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Sci Adv. 2016 Jul 15;2(7):e1600500. doi: 10.1126/sciadv.1600500. eCollection 2016 Jul.

Heterogeneity of cellular circadian clocks in intact plants and its correction under light-dark cycles.

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Department of Botany, Graduate School of Science, Kyoto University, Kitashirakawa Oiwake-cho, Sakyo-ku, Kyoto 606-8502, Japan.


Recent advances in single-cell analysis have revealed the stochasticity and nongenetic heterogeneity inherent to cellular processes. However, our knowledge of the actual cellular behaviors in a living multicellular organism is still limited. By using a single-cell bioluminescence imaging technique on duckweed, Lemna gibba, we demonstrate that, under constant conditions, cells in the intact plant work as individual circadian clocks that oscillate with their own frequencies and respond independently to external stimuli. Quantitative analysis uncovered the heterogeneity and instability of cellular clocks and partial synchronization between neighboring cells. Furthermore, we found that cellular clocks in the plant body under light-dark cycles showed a centrifugal phase pattern in which the effect of cell-to-cell heterogeneity in period lengths was almost masked. The inherent heterogeneity in the properties of cellular clocks observed under constant conditions is corrected under light-dark cycles to coordinate the daily rhythms of the plant body. These findings provide a novel perspective of spatiotemporal architectures in the plant circadian system.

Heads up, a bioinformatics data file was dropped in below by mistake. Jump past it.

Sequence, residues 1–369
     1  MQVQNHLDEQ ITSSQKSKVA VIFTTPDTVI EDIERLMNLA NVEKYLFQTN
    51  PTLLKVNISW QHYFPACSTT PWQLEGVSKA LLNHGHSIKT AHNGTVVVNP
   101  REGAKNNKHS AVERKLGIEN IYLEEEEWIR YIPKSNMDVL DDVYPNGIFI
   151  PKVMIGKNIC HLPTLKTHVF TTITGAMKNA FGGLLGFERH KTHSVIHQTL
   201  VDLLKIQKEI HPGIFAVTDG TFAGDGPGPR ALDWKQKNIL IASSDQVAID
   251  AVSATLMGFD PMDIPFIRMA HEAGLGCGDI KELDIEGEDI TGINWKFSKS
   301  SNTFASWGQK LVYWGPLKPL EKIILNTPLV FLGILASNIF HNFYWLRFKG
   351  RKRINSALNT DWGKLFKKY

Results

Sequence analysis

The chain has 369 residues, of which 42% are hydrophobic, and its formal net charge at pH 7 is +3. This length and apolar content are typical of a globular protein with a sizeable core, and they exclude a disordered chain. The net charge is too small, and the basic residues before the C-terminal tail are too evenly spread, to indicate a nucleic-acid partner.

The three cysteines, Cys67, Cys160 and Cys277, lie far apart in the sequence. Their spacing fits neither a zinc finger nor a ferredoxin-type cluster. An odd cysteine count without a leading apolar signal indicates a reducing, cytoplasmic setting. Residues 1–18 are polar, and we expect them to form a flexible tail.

bioluminescence; circadian rhythms; pattern formation; single cell analysis

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